The impeccable and sensitive film-maker, Danny Garcia shines through, once again, with a really lovely and poignant and often hilarious valentine to our beloved alley Bator. If you are anything like me, you will only wish it was a ten part series. I never get tired of hearing first hand Stiv anecdotes from his intimate apostles, loves, and collaborators. Many of my favorite rocknroll super heroes, like Ray Hanson, Neal X, Nicky Turner, Dave Tregunna, Frank Secich, Jimmy Zero, Cynthia Ross, Nina Antonia, and Eddy Best share unseen photographs, rare music, and intimate reflections about the King Of The Brats. If you ever loved the Stiv Bators band on Bomp!, Dead Boys, Wanderers, or Lords, you will want to own this dvd and watch it again and again. To my little crew of merry pranksters, lostboy mischief makers, and snotty glam kids, Stiv was like Alice Cooper, Iggy Pop, Bill Hicks and Joe Strummer rolled into one. Join The New Church!

“He’s Good-Bad But He’s Not Evil….” Tribute To Cheetah Chrome by Pepsi Sheen & The Rocknroll People…

“I have a hand-made badge with Cheetah’s pic on it. It was obviously made by an art rocker ’cause the caption reads, Cheetah Chrome FAN CLUB – ONLY MEMBER.
If I was roasting him, I’d say, ‘Good evening ladies and germs. As the president and only member of the Cheetah Chrome Fan Club, I welcome you to an evening of….”
(-Peter Crowley)

“First time I met Cheetah I was with Stiv Bators in L.A., I think in ’88, Cheetah walks into my friends apartment, Stiv introduces us: This is Sami Yaffa and this Prick With Ears…..”
(-Sami Yaffa)

”Along with Brian James and Robert Quine,Cheetah is my favourite guitar player to emerge from the punk rock scene.
Always loved both Dead Boys albums…But his real genius is on the Rocket from the Tombs stuff, which if had ever seen a proper release at the time…In my opinion we’d be talking the greatest punk album of all time!!!!”
(-Darren Birch, bassist of Gunfire Dance)

“I just love Cheetah. I’ll leave the roasting to others! Thanks though!”
(-Alison Gordy NYC legendary singer in Johnny Thunders And The Oddballs)

“A fiery character from the great band The Dead Boys that the Ramones loved. Cheetah’s still keeping up the Punk spirit”.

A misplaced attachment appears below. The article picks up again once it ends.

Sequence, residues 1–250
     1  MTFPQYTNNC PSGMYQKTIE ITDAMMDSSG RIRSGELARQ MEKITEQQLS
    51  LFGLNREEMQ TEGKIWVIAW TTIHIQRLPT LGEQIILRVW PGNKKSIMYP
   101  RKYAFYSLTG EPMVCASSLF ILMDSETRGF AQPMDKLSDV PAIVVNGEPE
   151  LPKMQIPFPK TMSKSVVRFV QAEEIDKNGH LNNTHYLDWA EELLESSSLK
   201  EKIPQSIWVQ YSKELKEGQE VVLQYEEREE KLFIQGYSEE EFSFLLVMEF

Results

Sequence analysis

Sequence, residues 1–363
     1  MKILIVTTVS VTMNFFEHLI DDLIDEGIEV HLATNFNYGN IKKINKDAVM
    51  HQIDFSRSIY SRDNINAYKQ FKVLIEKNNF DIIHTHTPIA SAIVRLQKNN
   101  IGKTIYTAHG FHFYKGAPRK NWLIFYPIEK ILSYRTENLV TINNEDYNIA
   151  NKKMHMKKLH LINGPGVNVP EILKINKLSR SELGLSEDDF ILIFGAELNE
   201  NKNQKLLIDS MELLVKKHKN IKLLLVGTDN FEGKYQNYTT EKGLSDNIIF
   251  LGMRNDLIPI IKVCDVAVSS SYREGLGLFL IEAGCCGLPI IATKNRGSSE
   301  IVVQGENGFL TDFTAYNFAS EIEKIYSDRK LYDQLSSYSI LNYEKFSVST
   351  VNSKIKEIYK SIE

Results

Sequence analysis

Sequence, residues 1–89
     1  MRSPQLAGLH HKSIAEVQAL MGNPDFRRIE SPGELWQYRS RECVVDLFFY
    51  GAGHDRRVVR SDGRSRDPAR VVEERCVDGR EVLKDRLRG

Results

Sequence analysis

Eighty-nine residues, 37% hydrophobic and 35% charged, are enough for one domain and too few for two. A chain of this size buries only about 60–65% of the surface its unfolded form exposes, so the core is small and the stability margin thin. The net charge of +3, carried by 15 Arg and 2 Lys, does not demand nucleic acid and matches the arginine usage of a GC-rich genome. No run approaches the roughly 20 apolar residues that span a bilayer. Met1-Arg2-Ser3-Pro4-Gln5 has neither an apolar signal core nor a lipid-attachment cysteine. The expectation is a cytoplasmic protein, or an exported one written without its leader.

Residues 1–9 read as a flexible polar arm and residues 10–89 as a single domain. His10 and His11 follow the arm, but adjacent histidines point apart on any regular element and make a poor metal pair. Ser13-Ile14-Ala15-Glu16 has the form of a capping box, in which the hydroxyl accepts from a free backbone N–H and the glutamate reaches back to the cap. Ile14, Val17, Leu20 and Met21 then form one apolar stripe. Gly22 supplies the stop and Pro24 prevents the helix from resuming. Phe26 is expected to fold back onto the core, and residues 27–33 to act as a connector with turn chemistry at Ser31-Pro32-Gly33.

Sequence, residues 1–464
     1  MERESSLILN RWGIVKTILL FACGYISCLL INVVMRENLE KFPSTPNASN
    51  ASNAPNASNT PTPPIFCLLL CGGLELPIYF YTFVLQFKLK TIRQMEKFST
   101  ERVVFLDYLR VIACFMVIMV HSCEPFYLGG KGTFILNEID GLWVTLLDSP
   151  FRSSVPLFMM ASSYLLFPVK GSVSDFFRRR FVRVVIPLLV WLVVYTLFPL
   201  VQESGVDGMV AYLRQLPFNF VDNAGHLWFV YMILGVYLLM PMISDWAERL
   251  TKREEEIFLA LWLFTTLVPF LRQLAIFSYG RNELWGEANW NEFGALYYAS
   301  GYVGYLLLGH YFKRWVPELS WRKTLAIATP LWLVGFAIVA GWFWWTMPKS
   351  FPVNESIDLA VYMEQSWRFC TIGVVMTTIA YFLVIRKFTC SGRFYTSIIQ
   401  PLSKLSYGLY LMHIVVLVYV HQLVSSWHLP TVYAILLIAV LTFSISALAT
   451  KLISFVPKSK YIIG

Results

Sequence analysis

(-Monte A. Melnick Ramones Tour Manager and author of “On The Road with the Ramones”.)

 “Well, I never knew him too well. but I met him several times and I thought that he’s a lovely character. and a great guitarist of course. plus he was a close friend of Stiv and he (Stiv) naturally told me a lot of stories about him.”
(-Danny Fury, lead singer of Tango Pirates)


 “These past 10 years I have seen many changes …It’s a toss up between triumphs and roadside burning wreckage….I think the hardest thing for me is seeing family, friends, lovers and the ones we have seen as leaders in the past change before our eyes…They become less familiar and more of an un-answered question: “Why?”….What I’m alluding to is the many musical figures that have crossed over to strange political camps that seem very mean spirited in agendas towards our fellow man ….Knowing this, I try and always keep a non-judgmental ear and just let the music do the talking…Having said this, my mind is guilt free when I hear the Dead Boys cranked …. All the time knowing that Cheetah is still  ‘A man of the people’…..Hard workin’, Hard Travellin’, Hard Playing soul….It’s this familiarity that rocks you back to your teen years where we were all idealistic and invincible …Hey–I can Handle the world changing, because from where I came from, it’s always in constant change, at the end of a gun…but to see souls that you respect do a 360 on your senses I can’t express how disappointing that is. Thankfully, that hasn’t happened to Mister Chrome. I wish him many more years of sonically assaulting our senses! God Speed!”